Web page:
This firearm is certainly not a collectors edition and has some some gentle wear from the field. But this is a firearm, you CAN take out in the field. Unlike some firearms which act like spoiled debutantes when faced with some dirt, hard work and rough handling, the Browning will remain a trusted friend in the field, a favorite with small game sportsmen. Given its light weight, it would be an excellent choice for something to take along in the wilderness, not for large bears or the rabid Winnebago, but for when you might need something dependable for small game.
The butt plate is metal and is a comfortable fit whether you are man, woman, or youth starting out in the shooting sports. Certainly if one wanted to gently introduce a young or first time shooter to rifles, with the recognition and means to purchase quality, this would be a great choice. There is really no recoil and the report is no louder than a high powered pellet rifle. You're not going to spook cattle OR Aunt Marge with this firearm.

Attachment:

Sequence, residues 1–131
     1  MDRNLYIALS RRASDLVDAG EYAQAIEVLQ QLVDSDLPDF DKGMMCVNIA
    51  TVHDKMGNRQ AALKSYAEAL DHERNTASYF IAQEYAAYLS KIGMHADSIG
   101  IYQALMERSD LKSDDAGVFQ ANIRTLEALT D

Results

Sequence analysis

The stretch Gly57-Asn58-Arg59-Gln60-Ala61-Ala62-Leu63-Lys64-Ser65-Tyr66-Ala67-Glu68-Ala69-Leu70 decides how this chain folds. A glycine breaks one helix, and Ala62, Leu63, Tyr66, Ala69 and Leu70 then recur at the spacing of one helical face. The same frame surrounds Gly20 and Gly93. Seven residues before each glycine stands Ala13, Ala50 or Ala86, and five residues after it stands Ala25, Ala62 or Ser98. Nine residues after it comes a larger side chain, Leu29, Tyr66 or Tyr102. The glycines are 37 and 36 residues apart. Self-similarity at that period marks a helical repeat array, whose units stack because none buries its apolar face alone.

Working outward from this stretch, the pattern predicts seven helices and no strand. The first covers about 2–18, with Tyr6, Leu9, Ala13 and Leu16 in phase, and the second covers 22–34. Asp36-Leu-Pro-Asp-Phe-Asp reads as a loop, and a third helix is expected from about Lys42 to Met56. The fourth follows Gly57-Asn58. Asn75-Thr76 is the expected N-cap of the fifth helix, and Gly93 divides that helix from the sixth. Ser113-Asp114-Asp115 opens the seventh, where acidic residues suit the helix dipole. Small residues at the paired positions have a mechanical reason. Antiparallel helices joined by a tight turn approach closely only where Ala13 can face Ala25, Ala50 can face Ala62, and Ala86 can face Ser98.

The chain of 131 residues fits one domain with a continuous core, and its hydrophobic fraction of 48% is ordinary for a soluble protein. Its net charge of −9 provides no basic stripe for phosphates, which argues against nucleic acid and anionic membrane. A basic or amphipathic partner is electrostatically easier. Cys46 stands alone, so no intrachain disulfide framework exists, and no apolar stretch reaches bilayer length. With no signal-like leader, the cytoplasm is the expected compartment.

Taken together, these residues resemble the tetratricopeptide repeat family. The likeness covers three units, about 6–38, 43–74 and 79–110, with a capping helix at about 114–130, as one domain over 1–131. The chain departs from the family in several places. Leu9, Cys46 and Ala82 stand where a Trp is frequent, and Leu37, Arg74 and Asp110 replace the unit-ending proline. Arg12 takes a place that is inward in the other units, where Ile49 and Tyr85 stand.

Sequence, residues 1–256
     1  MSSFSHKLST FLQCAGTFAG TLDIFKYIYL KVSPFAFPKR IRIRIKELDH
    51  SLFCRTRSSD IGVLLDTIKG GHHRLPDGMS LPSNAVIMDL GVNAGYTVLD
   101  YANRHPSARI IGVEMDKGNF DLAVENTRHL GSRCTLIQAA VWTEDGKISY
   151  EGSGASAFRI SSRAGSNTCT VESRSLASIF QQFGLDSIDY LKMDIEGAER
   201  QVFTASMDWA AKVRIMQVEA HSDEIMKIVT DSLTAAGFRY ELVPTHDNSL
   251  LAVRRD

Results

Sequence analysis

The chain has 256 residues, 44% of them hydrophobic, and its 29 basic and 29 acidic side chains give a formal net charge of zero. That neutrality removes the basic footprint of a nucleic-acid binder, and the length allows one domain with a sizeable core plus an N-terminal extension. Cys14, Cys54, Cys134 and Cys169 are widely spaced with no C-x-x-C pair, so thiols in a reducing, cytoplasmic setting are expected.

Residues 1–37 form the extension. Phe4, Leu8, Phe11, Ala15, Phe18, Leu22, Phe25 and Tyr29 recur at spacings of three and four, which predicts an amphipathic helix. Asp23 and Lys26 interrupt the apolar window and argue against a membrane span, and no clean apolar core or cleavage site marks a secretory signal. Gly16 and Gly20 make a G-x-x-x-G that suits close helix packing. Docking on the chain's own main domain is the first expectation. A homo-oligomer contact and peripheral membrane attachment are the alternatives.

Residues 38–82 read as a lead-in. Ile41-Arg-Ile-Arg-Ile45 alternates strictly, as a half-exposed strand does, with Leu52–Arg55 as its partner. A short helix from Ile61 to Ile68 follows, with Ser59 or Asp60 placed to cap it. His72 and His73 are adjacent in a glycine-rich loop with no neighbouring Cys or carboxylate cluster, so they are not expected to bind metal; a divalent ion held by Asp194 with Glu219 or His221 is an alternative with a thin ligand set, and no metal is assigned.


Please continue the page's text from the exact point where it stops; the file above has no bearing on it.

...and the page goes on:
Golden Trigger - Not just Roy Rogers horse any more. If you get a Grade VI .22 the trigger is gold. On this particular grade it's blued, and feels as nice as it looks with a light trigger pull that can be pulled quickly and repeatedly.
The sites are adjustable, the front one being a gold "bead" type that's highly visible in daytime and can be adjusted for windage.The adjustable folding leaf rear site also easily folds down for a slightly lower profile.